In what seems to be a sensational / tabloid article inspirationally named Vista's Security Rendered Completely Useless by New Exploit, Neowin reports that "this week at the Black Hat Security Conference two security researchers will discuss their findings which could completely bring Windows Vista to its knees. Mark Dowd of IBM Internet Security Systems (ISS) and Alexander Sotirov, of VMware Inc. have discovered a technique that can be used to bypass all memory protection safeguards that Microsoft built into Windows Vista. These new methods have been used to get around Vista's Address Space Layout Randomization (ASLR), Data Execution Prevention (DEP) and other protections by loading malicious content through an active web browser. The researchers were able to load whatever content they wanted into any location they wished on a user's machine using a variety of scripting languages, such as Java, ActiveX and even .NET objects. This feat was achieved by taking advantage of the way that Internet Explorer (and other browsers) handle active scripting in the Operating System."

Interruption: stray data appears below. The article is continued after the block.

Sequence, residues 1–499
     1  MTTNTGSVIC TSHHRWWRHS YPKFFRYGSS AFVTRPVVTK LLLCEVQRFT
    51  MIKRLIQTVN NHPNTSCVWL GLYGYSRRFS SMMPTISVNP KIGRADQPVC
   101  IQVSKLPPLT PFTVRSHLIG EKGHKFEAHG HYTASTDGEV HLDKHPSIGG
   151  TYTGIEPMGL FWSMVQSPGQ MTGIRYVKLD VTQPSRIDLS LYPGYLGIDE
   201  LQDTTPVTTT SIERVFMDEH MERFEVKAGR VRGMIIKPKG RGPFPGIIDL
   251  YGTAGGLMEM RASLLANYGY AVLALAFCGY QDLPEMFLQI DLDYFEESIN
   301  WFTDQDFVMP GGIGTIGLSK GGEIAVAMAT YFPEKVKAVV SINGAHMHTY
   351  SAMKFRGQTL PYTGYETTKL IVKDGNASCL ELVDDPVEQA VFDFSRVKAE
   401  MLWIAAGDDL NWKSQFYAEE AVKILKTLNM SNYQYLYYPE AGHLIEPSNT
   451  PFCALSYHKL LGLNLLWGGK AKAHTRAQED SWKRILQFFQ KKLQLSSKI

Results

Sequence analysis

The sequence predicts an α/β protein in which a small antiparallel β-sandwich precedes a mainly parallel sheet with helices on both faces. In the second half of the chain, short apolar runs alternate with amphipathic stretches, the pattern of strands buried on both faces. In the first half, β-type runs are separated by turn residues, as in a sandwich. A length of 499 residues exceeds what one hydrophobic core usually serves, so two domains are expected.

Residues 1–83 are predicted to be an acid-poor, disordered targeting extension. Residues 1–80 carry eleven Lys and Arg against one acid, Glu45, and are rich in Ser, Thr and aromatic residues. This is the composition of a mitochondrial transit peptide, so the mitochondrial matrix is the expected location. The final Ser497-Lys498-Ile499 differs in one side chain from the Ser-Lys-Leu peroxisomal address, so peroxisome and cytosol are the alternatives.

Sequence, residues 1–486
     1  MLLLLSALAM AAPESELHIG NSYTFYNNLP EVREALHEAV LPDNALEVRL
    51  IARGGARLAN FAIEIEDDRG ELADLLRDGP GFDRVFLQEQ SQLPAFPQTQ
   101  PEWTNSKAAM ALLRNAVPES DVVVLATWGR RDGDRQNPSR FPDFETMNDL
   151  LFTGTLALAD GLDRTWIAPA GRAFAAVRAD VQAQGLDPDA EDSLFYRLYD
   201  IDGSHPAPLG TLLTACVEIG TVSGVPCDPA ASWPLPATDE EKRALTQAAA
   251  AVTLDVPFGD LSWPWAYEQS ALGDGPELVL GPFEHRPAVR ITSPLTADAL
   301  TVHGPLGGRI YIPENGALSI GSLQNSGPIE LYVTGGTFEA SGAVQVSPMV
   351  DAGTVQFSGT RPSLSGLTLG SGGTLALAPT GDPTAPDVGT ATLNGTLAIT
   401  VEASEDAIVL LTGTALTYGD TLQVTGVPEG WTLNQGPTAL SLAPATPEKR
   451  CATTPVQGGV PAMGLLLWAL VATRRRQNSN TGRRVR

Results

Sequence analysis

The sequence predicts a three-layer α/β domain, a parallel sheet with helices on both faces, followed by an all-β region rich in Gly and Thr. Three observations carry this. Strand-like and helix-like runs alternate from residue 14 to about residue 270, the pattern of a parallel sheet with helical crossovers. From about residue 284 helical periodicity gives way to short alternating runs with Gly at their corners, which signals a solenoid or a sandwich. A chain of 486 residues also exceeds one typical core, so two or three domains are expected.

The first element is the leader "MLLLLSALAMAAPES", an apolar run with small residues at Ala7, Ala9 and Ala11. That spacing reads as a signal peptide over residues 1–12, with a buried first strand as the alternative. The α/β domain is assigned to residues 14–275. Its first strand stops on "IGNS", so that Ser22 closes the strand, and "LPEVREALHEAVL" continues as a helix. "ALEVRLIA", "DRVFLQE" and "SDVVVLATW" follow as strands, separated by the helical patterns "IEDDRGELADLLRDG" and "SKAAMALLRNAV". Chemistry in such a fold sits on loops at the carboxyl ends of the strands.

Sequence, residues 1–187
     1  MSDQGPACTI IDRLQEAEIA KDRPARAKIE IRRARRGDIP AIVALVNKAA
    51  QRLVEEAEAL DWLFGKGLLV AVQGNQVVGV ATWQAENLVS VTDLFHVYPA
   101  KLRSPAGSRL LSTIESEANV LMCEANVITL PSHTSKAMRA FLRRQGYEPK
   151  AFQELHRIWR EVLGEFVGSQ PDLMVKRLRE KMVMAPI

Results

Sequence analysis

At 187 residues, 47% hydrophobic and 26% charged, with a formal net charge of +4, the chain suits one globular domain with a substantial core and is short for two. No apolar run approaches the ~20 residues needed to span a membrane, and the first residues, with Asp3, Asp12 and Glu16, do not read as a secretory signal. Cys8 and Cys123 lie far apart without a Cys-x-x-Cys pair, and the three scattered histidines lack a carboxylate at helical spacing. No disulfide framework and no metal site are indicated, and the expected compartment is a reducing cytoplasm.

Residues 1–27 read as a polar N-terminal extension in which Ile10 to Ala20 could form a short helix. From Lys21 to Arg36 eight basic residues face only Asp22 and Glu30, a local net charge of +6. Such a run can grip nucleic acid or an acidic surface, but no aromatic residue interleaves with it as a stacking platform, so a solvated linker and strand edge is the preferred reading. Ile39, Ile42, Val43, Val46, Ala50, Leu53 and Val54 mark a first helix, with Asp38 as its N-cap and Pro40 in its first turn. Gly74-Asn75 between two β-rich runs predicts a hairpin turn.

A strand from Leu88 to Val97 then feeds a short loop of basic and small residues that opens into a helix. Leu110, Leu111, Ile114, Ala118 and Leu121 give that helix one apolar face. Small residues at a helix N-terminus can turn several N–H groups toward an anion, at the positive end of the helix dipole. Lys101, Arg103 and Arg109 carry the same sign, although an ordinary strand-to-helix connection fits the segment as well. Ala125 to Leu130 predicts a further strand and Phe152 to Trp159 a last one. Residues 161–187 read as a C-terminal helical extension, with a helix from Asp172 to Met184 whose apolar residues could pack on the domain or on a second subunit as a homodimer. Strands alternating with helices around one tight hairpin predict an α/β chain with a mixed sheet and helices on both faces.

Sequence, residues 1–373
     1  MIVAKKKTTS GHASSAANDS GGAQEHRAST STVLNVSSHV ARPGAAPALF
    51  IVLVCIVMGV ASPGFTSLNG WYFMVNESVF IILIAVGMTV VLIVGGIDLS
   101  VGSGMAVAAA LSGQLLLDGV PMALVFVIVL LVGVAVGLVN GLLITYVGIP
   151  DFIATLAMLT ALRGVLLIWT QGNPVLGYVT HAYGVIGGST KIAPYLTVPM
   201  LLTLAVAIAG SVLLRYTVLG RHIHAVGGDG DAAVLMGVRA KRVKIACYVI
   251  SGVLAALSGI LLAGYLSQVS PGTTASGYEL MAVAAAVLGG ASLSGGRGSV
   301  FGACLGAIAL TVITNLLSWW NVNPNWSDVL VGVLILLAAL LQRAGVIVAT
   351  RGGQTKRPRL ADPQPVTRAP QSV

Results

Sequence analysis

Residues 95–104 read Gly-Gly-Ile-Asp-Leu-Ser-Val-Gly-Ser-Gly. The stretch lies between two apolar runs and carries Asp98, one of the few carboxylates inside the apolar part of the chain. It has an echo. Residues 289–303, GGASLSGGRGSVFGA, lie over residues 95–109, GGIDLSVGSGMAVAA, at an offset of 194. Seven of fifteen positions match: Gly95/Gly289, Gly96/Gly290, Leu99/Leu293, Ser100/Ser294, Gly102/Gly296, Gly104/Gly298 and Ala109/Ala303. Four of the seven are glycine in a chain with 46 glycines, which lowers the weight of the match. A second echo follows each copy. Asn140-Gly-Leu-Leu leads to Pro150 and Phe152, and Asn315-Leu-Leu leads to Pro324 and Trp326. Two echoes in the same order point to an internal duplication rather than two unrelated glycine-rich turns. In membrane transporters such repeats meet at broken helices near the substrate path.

Whether you should you start worrying about your Vista system remains to be seen, but as presented the techniques "are being seen as an advance that many in the security community say will have far-reaching implications not only for Microsoft, but also on how the entire technology industry thinks about attacks".
Update - As Ars Technica mentions in a very interesting article The sky isn't falling: a look at a new Vista security bypass, "Sensationalism sells, and there's no news like bad news, but sometimes—particularly when covering security issues—it would be nice to see accuracy and level-headedness instead. Alarmism helps no one". They add that "Even with the attacks described in the paper, Vista has many worthwhile security improvements compared to XP. Internet Explorer on Vista runs in a highly restricted environment, so that even when it is running malicious code it cannot harm the system. Stories suggesting that Vista's security is now irredeemably broken are far off the mark; the truth is merely that some of its automatic security protection is less effective than it was before".